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Tell me and I will forget
Show me and I will remember
Involve me and I will understand
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Workflow parameters in Window Workflow Foundation 4

Note: This blog post is written using the .NET framework 4.0 Beta 2

Creating parameters for a workflow is quite easy to do in WF 4. Just open the arguments tab in the workflow and add each input or output parameter you need and the required type.

image

 

Now in WF 3 passing data to a workflow was done using a Dictionary<string, object> to specify the input. This is very flexible but also very brittle as it is all magic of key names matching property names. This approach still works as the following code demonstrates.

var input = new Dictionary<string, object>();
input["FirstName"] = "Maurice";
input["LastName"] = "de Beijer";
var result = WorkflowInvoker.Invoke(new Workflow1(), input);
Console.WriteLine(result["Greeting"]);

 

However WF4 has a new approach that includes full type safety. Every time you create an in or out argument the workflow will also get a corresponding public property. These properties are of type InArgument<T> but they contain an implicit cast from T so the code is quite easy as shown below.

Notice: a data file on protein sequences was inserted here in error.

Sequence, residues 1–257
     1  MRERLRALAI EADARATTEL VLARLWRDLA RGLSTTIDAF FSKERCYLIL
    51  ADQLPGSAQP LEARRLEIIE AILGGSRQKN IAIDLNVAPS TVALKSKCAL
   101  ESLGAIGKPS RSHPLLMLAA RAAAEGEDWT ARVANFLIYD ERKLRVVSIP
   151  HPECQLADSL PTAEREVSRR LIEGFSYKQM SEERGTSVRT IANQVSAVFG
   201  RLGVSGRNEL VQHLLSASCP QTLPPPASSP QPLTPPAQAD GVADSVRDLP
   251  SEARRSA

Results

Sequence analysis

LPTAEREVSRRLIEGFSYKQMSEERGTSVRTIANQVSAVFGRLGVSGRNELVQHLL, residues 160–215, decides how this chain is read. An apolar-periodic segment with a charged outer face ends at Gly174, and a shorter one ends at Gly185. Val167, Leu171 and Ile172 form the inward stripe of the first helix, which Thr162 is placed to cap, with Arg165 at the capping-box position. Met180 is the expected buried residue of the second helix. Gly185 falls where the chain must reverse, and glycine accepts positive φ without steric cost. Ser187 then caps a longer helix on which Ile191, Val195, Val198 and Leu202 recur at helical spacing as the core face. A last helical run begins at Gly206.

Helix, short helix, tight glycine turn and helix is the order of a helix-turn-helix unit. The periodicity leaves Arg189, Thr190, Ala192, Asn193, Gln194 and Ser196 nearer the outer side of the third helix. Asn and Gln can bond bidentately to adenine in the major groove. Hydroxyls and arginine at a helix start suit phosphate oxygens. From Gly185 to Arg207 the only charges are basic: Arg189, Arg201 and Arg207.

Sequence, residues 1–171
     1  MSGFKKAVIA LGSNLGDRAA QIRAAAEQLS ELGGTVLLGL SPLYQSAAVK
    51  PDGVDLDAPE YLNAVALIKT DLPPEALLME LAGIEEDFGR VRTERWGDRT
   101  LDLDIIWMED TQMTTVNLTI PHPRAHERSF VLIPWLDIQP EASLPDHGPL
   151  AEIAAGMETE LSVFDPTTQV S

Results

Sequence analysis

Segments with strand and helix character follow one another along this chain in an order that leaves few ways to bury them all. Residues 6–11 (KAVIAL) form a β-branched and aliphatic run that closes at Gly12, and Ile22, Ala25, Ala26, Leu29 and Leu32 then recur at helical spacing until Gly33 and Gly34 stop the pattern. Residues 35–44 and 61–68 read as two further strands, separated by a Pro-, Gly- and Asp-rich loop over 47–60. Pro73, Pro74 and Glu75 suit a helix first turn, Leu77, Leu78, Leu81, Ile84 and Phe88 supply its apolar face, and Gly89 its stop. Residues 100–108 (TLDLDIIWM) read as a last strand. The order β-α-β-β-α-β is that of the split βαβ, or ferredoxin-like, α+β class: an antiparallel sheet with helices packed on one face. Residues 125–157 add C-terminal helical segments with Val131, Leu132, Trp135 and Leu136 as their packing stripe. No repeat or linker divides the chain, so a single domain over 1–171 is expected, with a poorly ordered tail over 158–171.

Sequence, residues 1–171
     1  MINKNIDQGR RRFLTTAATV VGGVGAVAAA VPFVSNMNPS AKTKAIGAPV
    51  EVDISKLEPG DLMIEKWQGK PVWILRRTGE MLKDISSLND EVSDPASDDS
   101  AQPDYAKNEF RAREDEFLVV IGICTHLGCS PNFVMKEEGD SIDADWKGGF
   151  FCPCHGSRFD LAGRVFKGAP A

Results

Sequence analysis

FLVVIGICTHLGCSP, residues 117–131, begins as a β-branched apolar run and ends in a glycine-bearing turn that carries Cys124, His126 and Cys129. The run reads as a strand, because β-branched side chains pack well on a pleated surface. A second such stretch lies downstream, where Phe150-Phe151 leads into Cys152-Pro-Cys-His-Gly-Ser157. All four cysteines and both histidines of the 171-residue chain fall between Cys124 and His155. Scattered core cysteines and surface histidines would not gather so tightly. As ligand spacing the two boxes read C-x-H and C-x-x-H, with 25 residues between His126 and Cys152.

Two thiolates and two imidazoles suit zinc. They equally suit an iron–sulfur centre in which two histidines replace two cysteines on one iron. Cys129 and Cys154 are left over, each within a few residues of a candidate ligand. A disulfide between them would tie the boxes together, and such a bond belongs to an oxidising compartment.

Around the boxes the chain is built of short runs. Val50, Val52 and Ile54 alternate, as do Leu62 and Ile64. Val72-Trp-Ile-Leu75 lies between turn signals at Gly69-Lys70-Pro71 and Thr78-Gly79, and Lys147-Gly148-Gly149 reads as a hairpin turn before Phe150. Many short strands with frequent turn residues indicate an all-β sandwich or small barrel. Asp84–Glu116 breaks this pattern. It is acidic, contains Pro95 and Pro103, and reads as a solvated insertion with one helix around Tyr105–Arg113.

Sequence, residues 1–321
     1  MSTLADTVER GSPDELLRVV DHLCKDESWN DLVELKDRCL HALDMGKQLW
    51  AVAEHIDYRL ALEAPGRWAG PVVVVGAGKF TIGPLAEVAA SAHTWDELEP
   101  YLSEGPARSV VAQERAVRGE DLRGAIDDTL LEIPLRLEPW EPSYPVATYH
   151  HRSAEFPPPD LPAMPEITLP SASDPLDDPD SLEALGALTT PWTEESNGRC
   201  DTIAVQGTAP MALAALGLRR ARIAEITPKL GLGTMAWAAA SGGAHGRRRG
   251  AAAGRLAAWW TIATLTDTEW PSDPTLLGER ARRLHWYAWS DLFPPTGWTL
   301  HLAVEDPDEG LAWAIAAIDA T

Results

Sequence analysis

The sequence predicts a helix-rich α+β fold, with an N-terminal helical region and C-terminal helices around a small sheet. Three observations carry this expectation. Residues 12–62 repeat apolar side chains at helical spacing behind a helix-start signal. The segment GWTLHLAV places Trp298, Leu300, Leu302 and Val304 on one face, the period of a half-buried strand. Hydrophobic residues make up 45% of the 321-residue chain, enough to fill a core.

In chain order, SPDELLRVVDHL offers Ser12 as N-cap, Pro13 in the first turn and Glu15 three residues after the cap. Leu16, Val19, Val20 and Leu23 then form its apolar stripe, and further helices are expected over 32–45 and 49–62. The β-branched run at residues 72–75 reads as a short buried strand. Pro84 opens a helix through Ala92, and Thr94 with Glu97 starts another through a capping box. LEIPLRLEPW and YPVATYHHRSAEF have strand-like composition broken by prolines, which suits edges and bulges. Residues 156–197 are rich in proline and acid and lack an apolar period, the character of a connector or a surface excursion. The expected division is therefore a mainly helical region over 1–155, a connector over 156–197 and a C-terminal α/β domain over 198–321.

var workflow = new Workflow1();
workflow.FirstName = "Maurice";
workflow.LastName = "de Beijer";
 
var result = WorkflowInvoker.Invoke(workflow);
Console.WriteLine(result["Greeting"]);

 

Much cleaner!

Unfortunately the OutArgument Greeting is there but printing it’s contents to the console only results in the type being printed. There is also a Get() method but this requires an ActivityContext to be passed. So in the case of output we are still restricted to using the Dictionary<string, object>.

 

Enjoy!

www.TheProblemSolver.nl
Wiki.WindowsWorkflowFoundation.eu

Published Fri, Oct 23 2009 21:17 by Maurice
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